Confidential Reporting

View the model as adopted by the American Legislative Exchange Council.

“Weaponizing the system:” That’s what we call it when someone places an
anonymous call to a child abuse hotline to gain some personal advantage.
may be a parent in a nasty divorce situation trying to gain custody or more parenting
time by making the other parent look bad. It could be a relative who disagrees with a
parent’s decision on homeschooling, or vaccination, or any number of other parenting
choices we all make every day. It could be an angry neighbor looking to get back at
someone they feel has wronged them in some way.

Just place your anonymous call to the hotline, and watch the family suffer an intrusive,
yet meaningless, child welfare investigation.

This happens far too often today, and it not only damages families, but it also steals vital
resources away from the effort to find children who really are in need of intervention.

Yet, anonymous calls are allowed in more than 40 of the 50 states.

So we’ve proposed a short model that provides a simple fix: stop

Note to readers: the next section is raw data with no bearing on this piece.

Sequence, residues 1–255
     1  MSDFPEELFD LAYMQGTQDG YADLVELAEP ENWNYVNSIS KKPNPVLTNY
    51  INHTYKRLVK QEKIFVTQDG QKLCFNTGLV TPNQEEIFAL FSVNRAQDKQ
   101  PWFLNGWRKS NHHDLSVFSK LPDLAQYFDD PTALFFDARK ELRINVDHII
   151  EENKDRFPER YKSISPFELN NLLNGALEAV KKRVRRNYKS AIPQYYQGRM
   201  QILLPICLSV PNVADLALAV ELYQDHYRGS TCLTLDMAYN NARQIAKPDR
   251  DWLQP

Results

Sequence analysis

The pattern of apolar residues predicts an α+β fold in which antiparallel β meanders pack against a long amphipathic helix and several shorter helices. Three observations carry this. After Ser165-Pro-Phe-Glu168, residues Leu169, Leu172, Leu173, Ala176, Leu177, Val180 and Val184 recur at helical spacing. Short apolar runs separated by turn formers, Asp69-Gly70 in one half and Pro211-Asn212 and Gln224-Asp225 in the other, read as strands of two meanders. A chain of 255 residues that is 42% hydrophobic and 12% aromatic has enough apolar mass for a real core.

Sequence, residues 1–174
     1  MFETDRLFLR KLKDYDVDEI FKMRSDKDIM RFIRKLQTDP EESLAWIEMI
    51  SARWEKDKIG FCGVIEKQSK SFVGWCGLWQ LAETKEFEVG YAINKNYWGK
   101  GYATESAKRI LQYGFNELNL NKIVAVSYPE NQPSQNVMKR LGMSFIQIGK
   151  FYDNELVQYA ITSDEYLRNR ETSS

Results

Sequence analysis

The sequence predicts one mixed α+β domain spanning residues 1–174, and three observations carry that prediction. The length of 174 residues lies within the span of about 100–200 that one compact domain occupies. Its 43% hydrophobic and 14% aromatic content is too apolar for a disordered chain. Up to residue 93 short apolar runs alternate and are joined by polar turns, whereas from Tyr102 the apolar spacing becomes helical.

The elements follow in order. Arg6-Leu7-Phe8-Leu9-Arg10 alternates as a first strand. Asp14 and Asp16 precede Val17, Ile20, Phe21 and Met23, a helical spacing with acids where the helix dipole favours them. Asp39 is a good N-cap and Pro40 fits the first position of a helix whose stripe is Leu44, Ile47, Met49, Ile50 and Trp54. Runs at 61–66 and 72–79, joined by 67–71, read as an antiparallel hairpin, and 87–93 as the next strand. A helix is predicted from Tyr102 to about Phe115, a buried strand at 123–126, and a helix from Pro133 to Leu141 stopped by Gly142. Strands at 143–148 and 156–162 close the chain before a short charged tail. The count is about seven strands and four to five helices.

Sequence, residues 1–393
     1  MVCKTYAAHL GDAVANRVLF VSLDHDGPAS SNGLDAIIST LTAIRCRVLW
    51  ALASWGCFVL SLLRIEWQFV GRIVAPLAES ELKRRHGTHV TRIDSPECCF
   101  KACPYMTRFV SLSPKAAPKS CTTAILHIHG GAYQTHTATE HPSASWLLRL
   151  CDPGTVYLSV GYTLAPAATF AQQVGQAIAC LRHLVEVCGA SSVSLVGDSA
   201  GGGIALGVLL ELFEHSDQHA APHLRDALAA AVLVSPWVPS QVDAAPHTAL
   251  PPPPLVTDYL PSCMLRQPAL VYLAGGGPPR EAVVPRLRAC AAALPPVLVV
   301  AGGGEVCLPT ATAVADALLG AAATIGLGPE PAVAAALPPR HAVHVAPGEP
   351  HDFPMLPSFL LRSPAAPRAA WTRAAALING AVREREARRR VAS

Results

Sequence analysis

anonymous reporting.

Reporters’ identities can still be kept from the alleged abuser, to keep the caller safe
from a truly violent individual. But the system itself needs to know who’s making the
call. This will greatly cut down on false calls and will also allow the system to call a
reporter back if they need new or corrected information.

This model, drafted by a bipartisan coalition of lawyers and family defenders and
adopted by ALEC in 2021, is ready to be modified to address this issue in your state.
It will save innocent families from trauma and free up resources to find
children truly in need more quickly. It’s a win for everyone—except those
weaponizing the system for their personal gain.

Read our full explanation here:

Listen to our EPPiC Broadcast episode about this and the Due Process model here: